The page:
4 Day One - Review considerations 1 Identify the plates you would expect to find bacteria most like the original nontransformed E. coli colonies you observed. Explain your predictions. 2 Predict which plate(s) are most likely to have any genetically transformed bacterial cells. Explain your predictions. 3 Identify which plates should be compared to determine if any genetic transformation has occurred. Explain why. 4 What is meant by a control plate? What purpose does a control serve? Day Two Data Collection 1 Observe the results you obtain from the transformation procedure under normal lighting conditions. Then hold the UV lamp over the plates. 2 Carefully observe and draw what you see on each of the four plates. 3 Write down the following observations for each plate: How much bacterial growth do you see on each plate? What colour are the bacteria? How many bacterial colonies are on each plate (count the spots you see). Day Two Analysis of Results 1 Which of the traits that you originally observed for E. coli did not alter? 2 Which of the traits did alter? 3 If the genetically transformed cells have acquired the ability to live in the presence of the antibiotic ampicillin, then what might be concluded about the other genes on the plasmid that you used in your transformation procedure? 4 From the results that you obtained, how could you prove that the changes that the changes were due to the procedure that you performed? 69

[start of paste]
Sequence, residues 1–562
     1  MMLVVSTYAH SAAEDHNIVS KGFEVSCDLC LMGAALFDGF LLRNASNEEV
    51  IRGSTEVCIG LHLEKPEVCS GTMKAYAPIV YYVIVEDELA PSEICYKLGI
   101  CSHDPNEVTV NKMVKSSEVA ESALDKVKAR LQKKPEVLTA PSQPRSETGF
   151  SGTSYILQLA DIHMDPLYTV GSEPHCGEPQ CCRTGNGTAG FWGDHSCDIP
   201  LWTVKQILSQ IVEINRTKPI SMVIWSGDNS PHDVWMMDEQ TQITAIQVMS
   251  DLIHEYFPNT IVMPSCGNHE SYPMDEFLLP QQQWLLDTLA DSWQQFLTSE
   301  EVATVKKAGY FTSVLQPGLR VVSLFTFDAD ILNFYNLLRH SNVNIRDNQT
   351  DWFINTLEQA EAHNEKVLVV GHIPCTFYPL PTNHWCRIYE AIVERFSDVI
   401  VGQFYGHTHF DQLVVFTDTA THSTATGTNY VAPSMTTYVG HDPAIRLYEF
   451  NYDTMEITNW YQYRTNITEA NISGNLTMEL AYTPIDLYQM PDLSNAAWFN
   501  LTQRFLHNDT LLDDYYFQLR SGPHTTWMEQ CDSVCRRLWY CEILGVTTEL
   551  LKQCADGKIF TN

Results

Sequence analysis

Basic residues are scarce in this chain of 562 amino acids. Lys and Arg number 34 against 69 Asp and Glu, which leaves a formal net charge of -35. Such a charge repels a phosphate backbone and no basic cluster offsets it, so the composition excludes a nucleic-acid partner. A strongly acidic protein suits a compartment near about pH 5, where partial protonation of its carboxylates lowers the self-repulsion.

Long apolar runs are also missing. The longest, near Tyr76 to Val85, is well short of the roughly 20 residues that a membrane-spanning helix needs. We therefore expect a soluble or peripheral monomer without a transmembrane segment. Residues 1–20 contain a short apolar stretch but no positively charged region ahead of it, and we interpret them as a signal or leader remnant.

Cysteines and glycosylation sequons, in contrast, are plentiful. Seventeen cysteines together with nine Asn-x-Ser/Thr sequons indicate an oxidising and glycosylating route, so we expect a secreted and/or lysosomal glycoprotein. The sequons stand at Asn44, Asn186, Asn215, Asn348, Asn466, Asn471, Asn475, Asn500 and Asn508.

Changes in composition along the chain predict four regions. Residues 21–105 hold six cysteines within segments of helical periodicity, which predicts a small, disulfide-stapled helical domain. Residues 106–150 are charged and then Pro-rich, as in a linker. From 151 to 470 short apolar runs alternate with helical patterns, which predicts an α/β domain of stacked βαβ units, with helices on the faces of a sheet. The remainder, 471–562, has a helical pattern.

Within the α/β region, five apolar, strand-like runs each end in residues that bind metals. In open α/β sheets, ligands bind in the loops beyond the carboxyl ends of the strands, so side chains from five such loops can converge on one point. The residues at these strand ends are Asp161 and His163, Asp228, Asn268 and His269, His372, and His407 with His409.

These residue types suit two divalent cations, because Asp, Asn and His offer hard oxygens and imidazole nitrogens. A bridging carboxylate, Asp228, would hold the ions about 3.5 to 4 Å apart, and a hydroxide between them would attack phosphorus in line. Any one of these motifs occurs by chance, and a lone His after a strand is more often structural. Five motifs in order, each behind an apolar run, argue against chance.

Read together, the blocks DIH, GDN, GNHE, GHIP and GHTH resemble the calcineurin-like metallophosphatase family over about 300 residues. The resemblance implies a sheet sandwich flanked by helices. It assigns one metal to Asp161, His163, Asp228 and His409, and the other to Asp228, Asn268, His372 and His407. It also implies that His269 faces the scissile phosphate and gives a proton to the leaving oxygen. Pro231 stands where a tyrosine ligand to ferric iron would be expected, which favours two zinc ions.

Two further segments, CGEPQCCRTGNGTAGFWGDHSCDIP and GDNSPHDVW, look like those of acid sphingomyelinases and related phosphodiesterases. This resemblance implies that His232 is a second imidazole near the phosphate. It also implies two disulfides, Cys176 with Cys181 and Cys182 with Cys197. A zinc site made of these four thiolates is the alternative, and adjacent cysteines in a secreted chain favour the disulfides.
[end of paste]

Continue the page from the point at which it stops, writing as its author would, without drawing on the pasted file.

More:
5 Lesson Plan Bacterial Transformation Context A practical investigation set in the context of 9700 Syllabus a bacterial transformation procedure. It is anticipated that students will have completed an AS practical course so that they will have good basic practical skills. It is also anticipated that they will have been given learning opportunities before this so that they know how to identify transformed bacteria. The GFP gene will be introduced into the bacterium Escherichia coli using the pglo Bacterial Transformation Kit from Bio-Rad Laboratories Key aims of lesson This practical is designed to develop the practical, observational, data handling and analysis skills. Intended learning outcomes By the end of this practical the student should be able to Learn and apply the steps involved in the transformation process Understand transformation and its applications in biology Analyse and interpret experimental results Understand regulation of gene expression by the arabinose operon Resources required White board or flipchart and suitable pens or blackboard and chalks Practical materials specified on the Technical Information sheet Some spare copies of the student worksheet Planned activities (timings can be altered to suit shorter or longer lessons) Timings/ minutes previous lesson Teacher / Student Activities Preliminary study - The goal of genetic transformation is to change an organism s phonotype. Before any change in the phenotype can be detected, an examination of the organism s natural (pre-transformed) phenotype must be made. Students will need to look at the colonies of E. coli on the starter plate and list all observable traits or characteristics that can be described. Day one 0-4 Introduction to the aims, intended outcomes and shape of the lesson - teacher led oral presentation 4-8 Context - review of bacterial transformation. Teacher-led questioning, student responses / discussion, students building a multicoloured learning outline on the board. 70